Article Text

Download PDFPDF
Next generation sequencing for detection of EGFR alterations in NSCLC: is more better?
  1. Ullas Batra1,
  2. Shrinidhi Nathany2,
  3. Mansi Sharma1,
  4. Parveen Jain1,
  5. Anurag Mehta3
  1. 1Medical Oncology, Rajiv Gandhi Cancer Institute and Research Centre, New Delhi, India
  2. 2Molecular Diagnostics, Rajiv Gandhi Cancer Institute and Research Centre, New Delhi, India
  3. 3Laboratory Services, Molecular Diagnostics and Transfusion Medicine, Rajiv Gandhi Cancer Institute and Research Centre, New Delhi, India
  1. Correspondence to Dr Ullas Batra, Medical Oncology, Rajiv Gandhi Cancer Institute and Research Centre, New Delhi 110085, India; ullasbatra{at}gmail.com

Abstract

Aims The emergence of sophisticated next generation sequencing (NGS) based technologies in routine molecular diagnostics has paved the way for robust and accurate detection of variants which may otherwise be missed on single gene testing. This study aims at highlighting the same premise in EGFR mutated non-small cell lung carcinoma (NSCLC).

Methods 1350 cases of NSCLC were screened, of which 490 EGFR mutated cases were taken. The clinical records and molecular features were evaluated retrospectively to determine those cases which were missed on single gene testing.

Results Among these 490 cases, there were 11 (2.2%) cases which tested negative on single gene testing using polymerase chain reaction (therascreen). These were then subjected to NGS based testing and were positive for 13 different EGFR mutations. Five out of the 11 cases received EGFR tyrosine kinase inhibitor (TKI) based on the NGS test outcome. Four cases with exon 20 insertion mutations were not offered TKI as these mutations are known to be intrinsically resistant to TKI therapy. The five patients who have been treated with TKI have shown fair response and have not progressed to date.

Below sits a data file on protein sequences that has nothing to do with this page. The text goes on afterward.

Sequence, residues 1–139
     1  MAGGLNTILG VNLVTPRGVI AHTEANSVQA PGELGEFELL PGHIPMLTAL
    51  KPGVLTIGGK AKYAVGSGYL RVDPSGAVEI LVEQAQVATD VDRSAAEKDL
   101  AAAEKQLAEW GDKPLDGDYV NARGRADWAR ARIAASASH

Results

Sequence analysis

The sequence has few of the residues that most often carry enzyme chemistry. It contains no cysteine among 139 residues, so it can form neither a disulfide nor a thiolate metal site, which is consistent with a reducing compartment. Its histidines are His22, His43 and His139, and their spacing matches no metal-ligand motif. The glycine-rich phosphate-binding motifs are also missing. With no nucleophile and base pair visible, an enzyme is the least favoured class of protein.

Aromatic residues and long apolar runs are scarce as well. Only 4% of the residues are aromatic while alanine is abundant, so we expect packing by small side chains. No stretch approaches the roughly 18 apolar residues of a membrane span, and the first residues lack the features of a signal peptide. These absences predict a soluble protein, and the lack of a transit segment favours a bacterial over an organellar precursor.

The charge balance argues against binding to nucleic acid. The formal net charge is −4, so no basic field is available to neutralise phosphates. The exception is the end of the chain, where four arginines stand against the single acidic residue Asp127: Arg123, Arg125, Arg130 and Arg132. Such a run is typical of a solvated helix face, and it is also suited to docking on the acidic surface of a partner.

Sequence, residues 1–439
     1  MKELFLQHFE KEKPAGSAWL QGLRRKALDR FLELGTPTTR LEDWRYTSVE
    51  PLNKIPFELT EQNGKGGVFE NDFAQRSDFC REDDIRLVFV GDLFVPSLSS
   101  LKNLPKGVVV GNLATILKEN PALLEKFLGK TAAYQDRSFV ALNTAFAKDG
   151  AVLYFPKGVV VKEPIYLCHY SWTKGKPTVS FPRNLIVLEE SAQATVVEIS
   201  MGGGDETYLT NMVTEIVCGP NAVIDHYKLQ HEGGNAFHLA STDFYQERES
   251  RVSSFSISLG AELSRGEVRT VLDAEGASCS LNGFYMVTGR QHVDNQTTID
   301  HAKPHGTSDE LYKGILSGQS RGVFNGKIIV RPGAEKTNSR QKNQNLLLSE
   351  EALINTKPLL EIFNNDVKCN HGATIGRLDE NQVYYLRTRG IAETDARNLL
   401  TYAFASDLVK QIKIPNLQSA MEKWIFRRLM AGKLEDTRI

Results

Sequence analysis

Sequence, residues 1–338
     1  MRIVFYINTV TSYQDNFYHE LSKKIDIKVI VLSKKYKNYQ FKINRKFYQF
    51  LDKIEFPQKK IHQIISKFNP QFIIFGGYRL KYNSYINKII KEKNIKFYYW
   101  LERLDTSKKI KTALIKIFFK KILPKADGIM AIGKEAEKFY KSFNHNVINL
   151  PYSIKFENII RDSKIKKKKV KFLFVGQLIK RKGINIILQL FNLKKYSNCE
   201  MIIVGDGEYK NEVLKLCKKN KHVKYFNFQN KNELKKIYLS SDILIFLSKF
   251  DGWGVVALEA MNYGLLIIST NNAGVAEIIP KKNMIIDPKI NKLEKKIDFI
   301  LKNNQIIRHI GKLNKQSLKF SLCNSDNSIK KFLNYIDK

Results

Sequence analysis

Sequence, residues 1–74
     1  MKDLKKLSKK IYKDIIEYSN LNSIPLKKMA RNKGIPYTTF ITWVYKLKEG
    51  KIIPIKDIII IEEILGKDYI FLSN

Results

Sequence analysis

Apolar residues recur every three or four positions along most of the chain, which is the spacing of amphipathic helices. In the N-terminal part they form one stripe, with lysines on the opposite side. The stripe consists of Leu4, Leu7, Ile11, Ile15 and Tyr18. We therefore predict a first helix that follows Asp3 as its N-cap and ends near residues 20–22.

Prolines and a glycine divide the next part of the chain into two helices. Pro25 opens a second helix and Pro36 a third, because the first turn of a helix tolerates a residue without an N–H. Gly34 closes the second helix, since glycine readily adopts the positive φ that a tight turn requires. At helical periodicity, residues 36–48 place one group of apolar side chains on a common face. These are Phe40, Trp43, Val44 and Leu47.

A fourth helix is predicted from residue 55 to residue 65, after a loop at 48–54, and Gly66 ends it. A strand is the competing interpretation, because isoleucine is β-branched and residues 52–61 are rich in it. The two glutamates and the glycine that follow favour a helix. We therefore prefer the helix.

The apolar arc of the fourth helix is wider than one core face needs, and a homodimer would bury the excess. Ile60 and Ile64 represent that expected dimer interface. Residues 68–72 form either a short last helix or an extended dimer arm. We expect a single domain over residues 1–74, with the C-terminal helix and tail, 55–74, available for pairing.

Conclusions We demonstrated a potentially preferable way to profile treatment-naïve patients with NSCLC by NGS and from our early experience in EGFR mutant cases, the advantages of NGS over single gene testing is clearly evident.

  • lung
  • lung neoplasms
  • pathology
  • molecular
  • polymerase chain reaction
  • medical oncology
View Full Text

Statistics from Altmetric.com

Footnotes

  • Handling editor Runjan Chetty.

  • Contributors UB was the mentor guide for the project, clinical oncology head and reviewer of the manuscript. SN performed molecular testing and next generation sequencing (NGS) interpretation and wrote the manuscript. MS and PJ were treating oncologists and curated data. AM performed and supervised NGS interpretation.

  • Funding The authors have not declared a specific grant for this research from any funding agency in the public, commercial or not-for-profit sectors.

  • Competing interests None declared.

  • Patient consent for publication Not required.

  • Ethics approval This study was approved by the Institutional Review Board of the Hospital.

  • Provenance and peer review Not commissioned; externally peer reviewed.

  • Data availability statement All data relevant to the study are included in the article and will be available from the corresponding author on request.

Request Permissions

If you wish to reuse any or all of this article please use the link below which will take you to the Copyright Clearance Center’s RightsLink service. You will be able to get a quick price and instant permission to reuse the content in many different ways.